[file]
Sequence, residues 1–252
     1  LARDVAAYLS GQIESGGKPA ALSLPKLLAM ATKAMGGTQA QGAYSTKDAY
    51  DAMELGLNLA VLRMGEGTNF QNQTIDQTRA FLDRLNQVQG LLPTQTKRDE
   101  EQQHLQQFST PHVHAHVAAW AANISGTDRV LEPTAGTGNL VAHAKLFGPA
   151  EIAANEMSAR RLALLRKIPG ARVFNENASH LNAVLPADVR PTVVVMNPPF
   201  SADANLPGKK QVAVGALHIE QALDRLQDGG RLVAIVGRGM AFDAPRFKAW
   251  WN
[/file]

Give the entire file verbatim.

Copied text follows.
Sequence, residues 1–252
     1  LARDVAAYLS GQIESGGKPA ALSLPKLLAM ATKAMGGTQA QGAYSTKDAY
    51  DAMELGLNLA VLRMGEGTNF QNQTIDQTRA FLDRLNQVQG LLPTQTKRDE
   101  EQQHLQQFST PHVHAHVAAW AANISGTDRV LEPTAGTGNL VAHAKLFGPA
   151  EIAANEMSAR RLALLRKIPG ARVFNENASH LNAVLPADVR PTVVVMNPPF
   201  SADANLPGKK QVAVGALHIE QALDRLQDGG RLVAIVGRGM AFDAPRFKAW
   251  WN